A bill that would make bestiality a crime was sent to the floor of the Senate for debate on Friday by a legislative committee.
Rep. Clark Stith, R-Rock Springs, testified to the Senate Judiciary Committee on Friday morning in support of a bill submitted in response to a Sweetwater County incident and told members Wyoming is only one of only four states in the country that doesn’t have a bestiality law on its books.
“I don’t necessarily consider it a widespread or growing problem but in my county, we did have an incident last year where the matter was investigated, it was actually on video, there was no question about the facts,” Stith said. “Law enforcement investigated it. They were able to prosecute for trespass, but not anything more. The community felt trespass didn’t quite capture the justice in this matter.”
Stith is sponsoring House Bill 46, which has already been approved by the House, which would make bestiality a misdemeanor in the state and a maximum sentence of one year in prison and/or a $1,000 fine.
This incident to which he was referring occurred last summer when a man in Sweetwater County was found to have trespassed onto private property to engage in sexual activity with horses.
The property owner told the deputy that they chained and locked the gate a certain way when leaving the corral at night. When they returned to the corral the next day, it was chained differently.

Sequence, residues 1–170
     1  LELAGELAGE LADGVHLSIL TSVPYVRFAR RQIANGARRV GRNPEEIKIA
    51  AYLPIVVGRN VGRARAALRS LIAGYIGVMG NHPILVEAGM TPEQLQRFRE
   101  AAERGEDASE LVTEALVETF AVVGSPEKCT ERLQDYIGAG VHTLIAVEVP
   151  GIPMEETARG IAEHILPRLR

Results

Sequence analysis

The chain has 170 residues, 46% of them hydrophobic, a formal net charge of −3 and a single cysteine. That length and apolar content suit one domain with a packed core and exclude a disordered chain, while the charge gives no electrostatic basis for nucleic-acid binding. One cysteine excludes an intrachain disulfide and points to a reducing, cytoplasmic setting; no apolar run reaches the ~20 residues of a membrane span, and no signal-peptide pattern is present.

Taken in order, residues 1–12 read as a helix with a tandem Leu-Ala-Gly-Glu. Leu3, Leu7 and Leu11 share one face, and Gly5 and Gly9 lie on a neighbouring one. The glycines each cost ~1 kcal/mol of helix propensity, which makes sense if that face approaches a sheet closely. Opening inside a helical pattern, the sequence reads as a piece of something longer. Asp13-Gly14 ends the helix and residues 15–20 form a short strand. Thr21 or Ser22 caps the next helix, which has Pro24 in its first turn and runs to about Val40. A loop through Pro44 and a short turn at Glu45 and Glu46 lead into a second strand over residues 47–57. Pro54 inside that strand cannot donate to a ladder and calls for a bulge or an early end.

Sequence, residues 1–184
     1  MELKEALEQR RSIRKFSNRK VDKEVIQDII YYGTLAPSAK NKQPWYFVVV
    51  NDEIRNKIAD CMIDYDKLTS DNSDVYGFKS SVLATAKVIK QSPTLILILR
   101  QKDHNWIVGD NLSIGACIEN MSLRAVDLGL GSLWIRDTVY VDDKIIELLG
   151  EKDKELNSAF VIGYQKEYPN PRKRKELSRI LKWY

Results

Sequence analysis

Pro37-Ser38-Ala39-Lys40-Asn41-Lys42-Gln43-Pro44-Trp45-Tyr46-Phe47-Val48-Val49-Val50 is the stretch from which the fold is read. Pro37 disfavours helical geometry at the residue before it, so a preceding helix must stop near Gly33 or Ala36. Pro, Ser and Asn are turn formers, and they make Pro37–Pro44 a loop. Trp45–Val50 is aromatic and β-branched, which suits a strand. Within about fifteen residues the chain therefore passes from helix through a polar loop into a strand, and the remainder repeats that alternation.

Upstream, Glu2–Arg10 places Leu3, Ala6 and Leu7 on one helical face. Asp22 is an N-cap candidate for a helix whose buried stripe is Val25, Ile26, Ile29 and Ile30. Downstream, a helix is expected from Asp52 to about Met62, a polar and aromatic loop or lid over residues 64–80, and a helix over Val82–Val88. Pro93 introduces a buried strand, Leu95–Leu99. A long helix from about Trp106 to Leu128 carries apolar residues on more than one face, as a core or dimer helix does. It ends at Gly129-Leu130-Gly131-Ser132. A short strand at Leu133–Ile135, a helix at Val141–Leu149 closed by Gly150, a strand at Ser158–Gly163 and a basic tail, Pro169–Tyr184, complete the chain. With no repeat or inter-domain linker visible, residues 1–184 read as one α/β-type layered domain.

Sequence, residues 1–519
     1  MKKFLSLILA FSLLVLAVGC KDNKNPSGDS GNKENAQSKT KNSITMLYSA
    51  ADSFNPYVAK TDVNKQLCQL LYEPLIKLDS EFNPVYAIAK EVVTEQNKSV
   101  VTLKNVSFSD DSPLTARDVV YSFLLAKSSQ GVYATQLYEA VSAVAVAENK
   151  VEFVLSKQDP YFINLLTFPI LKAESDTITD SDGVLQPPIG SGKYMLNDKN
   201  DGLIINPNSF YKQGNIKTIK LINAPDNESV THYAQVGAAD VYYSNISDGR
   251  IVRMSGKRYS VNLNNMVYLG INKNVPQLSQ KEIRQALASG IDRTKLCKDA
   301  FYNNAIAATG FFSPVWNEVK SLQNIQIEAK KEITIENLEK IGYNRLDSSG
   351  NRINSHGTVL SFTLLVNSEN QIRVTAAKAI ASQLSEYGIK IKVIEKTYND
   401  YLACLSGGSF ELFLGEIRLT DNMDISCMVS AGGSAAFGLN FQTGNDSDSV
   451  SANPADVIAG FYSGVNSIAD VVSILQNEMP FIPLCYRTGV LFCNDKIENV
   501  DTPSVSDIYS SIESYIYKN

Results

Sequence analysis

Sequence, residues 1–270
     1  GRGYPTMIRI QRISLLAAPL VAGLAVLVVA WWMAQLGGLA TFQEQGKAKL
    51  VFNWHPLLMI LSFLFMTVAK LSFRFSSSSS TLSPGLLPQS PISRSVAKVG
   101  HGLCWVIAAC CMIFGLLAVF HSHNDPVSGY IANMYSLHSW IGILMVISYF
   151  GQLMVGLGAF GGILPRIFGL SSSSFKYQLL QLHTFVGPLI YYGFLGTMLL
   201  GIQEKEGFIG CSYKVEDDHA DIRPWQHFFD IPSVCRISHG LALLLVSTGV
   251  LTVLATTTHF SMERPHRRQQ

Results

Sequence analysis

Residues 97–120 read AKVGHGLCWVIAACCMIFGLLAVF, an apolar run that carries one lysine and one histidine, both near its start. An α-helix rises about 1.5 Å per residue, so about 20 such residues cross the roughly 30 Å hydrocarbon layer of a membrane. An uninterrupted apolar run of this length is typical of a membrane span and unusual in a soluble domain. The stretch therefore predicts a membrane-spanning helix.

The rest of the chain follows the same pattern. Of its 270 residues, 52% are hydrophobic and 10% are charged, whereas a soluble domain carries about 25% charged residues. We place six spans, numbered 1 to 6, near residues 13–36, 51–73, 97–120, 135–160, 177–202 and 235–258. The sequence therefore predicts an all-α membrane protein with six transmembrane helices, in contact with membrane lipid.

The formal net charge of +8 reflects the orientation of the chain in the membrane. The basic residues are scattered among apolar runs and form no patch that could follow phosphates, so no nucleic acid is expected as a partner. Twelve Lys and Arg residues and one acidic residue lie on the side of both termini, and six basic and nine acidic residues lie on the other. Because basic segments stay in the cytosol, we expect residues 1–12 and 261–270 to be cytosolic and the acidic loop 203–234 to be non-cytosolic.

“While shocking, this is actually a very difficult case,” Sweetwater County Sheriff’s Department spokesman Jason Mower said at the time of the crime. “Wyoming is only one of a handful of states without a bestiality statute on the books.”
Mower also explained that for an animal cruelty charge to hold up in court, it would have to be proven that the man actually injured the horses.
Rep. Dan Zwonitzer, R-Cheyenne, also testified in support of the bill, but also the committee to consider making bestiality a felony, not just a misdemeanor.
“The good bringer of the bill has taken the first step, but when you look at other states that have similar laws in place … perhaps in this case it would be appropriate with a second or subsequent conviction to make it a felony-level offense,” Zwonitzer said.
Tara Muir, public policy director for the Wyoming Coalition Against Domestic Violence and Sexual Assault, also testified in support of the bill, whether the crime is considered a misdemeanor or felony.
However, she said the bill didn’t include any provisions for victims who might be forced into bestiality, so she asked for an amendment consideration for their defense.
“I think [being forced into bestiality] happens more than we know,” Muir said.
Committee members agreed they would consider an amendment during a second reading of the bill.
Wyoming Association of Sheriffs and Chiefs of Police spokesman Bryon Oedekoven also testified in support of the bill.
“This bill came out of an incident in Sweetwater County but unfortunately, I can tell you this happens all over the state,” Oedekoven said.
The committee unanimously agreed to send the bill to the Senate for consideration on “general file,” when the amendments would be offered. “General file” refers to the consideration by the full Senate of a bill approved by a committee.